The pandemic is no excuse for holding off on local infrastructure projects such as refortifying White Rock’s iconic pier and constructing a 24 Avenue interchange off of Highway 99, South Surrey-White Rock Conservative MP Kerry-Lynne Findlay said Thursday (Sept. 10).
“One of the criticisms I had even before COVID hit was that the infrastructure programs simply don’t roll out fast enough, they’re not agile enough,” Findlay said during a digital business roundtable hosted by the Surrey Board of Trade.
Describing such programs as seemingly “mired in bureaucracy and red tape,” Findlay said funding is available, can be targeted and can be released, “even in times of COVID.”
“I think this is one way to stimulate, it’s also a job creator. We need to have the infrastructure in place to get us, goods and services where we need to go.”
The roundtable, which also included Cloverdale-Langley City Conservative MP Tamara Jansen, was the latest in SBOT’s digital townhall series.
Impacts to small business was another key focus of the discussion, with both MPs emphasizing the need to support local business as the economy reopens.
“We have different protocols, we have to do things differently, but we do want to see our small business community recover, and recover well,” Findlay said. “We’ve lost a few already. I’m very concerned about those that are trying to open up again who are really struggling – and some are struggling more than others.”
Jansen agreed the reopening has “been a real challenge,” with many business owners wondering “what are the assurances that we won’t be closed down again?”
Pointing to this week’s amended order issued by provincial health officer Dr. Bonnie Henry to close nightclubs and banquet halls – intended, Henry said Tuesday (Sept. 8), to “take away that late-night temptation people have, when we know there’s been mixing (of social groups) going on and transmission is happening in these venues” – Jansen said there are concerns about “shutting down an entire set of businesses based on some bad actors.”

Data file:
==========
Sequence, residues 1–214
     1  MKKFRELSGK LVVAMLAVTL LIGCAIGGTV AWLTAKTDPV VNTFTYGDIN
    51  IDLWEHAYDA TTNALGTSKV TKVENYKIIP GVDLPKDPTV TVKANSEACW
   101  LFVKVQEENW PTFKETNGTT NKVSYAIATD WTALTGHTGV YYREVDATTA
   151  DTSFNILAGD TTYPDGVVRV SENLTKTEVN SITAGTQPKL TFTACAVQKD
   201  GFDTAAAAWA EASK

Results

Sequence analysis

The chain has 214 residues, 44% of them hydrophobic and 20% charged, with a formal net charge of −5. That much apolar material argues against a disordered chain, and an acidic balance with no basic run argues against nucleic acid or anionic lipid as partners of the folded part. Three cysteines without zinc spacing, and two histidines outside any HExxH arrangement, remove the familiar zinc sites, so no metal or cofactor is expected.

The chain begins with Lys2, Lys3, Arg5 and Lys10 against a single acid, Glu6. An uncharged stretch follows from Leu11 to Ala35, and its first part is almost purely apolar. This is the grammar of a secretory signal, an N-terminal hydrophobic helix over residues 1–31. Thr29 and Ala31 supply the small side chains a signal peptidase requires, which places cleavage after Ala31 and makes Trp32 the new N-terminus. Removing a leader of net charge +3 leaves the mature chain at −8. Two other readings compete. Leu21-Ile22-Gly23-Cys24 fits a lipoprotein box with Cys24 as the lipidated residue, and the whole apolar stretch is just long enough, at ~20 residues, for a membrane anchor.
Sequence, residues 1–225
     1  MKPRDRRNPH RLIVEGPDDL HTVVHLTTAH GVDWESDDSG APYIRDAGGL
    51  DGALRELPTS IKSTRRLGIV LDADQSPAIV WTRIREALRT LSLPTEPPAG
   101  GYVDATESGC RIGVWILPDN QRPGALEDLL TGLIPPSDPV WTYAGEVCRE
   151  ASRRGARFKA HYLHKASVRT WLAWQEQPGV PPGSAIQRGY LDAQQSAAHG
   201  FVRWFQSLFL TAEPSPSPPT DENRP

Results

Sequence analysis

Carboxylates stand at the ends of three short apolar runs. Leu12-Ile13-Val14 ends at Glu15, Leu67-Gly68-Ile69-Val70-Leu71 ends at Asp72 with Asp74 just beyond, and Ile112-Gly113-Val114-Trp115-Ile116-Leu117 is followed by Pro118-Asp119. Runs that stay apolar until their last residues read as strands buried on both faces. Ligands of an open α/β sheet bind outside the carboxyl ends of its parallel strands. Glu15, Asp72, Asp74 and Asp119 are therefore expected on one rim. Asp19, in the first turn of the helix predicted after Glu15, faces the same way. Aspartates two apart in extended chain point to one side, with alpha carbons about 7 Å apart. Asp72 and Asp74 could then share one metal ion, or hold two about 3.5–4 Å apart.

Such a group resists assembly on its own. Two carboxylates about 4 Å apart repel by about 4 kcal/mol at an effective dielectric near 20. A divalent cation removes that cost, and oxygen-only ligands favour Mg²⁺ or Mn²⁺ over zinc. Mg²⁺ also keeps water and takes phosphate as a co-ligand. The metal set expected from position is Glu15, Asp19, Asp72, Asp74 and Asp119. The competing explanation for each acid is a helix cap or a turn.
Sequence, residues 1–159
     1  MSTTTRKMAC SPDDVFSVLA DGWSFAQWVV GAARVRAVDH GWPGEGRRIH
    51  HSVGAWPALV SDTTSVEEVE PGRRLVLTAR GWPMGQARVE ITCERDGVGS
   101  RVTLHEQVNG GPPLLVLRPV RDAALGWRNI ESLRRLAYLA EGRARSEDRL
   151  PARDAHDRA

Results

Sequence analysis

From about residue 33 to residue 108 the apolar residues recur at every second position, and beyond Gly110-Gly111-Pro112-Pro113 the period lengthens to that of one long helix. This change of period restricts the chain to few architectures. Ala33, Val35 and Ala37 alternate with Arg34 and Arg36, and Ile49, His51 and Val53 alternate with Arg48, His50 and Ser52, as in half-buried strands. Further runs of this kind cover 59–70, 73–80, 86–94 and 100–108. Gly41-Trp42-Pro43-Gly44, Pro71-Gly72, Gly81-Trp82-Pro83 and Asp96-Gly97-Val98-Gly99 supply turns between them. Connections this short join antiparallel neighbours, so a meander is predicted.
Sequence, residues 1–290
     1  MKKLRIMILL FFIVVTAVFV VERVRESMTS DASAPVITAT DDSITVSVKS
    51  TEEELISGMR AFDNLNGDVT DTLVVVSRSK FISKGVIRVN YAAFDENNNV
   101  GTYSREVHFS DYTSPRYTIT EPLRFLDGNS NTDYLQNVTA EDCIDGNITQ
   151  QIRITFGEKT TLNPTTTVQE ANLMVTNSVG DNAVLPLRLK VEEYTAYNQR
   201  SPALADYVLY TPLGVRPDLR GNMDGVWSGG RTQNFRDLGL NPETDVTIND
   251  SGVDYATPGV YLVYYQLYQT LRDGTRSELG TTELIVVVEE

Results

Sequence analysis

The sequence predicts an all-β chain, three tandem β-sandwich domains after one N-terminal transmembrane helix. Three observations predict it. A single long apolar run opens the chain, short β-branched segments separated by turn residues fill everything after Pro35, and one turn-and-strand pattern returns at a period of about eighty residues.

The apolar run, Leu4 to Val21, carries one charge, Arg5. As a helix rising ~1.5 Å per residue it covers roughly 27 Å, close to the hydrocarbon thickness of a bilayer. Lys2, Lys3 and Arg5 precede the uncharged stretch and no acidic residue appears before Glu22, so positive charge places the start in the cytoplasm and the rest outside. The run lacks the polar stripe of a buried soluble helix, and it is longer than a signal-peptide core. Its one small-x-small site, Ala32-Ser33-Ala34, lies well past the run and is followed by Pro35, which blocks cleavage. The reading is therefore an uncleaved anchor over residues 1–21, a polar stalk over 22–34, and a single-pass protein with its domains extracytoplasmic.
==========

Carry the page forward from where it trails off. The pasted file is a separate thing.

She said a recent prediction that 60 per cent of restaurants may not open again come November is “a very scary thing,” and that she has been using social media posts to encourage people to support them.
Overcoming fear “is going to be a real challenge,” she said.
“A lot of our messaging right now has been about cases rising – it creates a lot of fear,” she explained.
Jansen shared statistics including on the national job situation during the pandemic, comparing August numbers to those seen in February.
“It’s a bit of a scary number there,” she said of a one-million-plus drop in full-time jobs.
COVID-19 “has hit us very, very hard” financially, she added, describing a deficit comparable to what happened in the Second World War.
“We have borrowed as if we were in a war – and we were not in a very good position when we started out,” she said. “We need to make sure we’re not going to find ourselves in a jam.”
Asked how for their perspective on B.C. job losses, Findlay said B.C. “in some ways” seems to be doing better than other areas.
“I worry when I see increased closures… and we seem to be sliding backwards,” she said.
Jansen added there is a “definite need” to support industries such as tourism and food service.
As for when government supports run out, Findlay said “we must get back to a place where these subsidies don’t exist.”
“We have to, or we will collapse as an economy.”
To watch the full townhall meeting, visit businessinsurrey.com/events/recent_speakers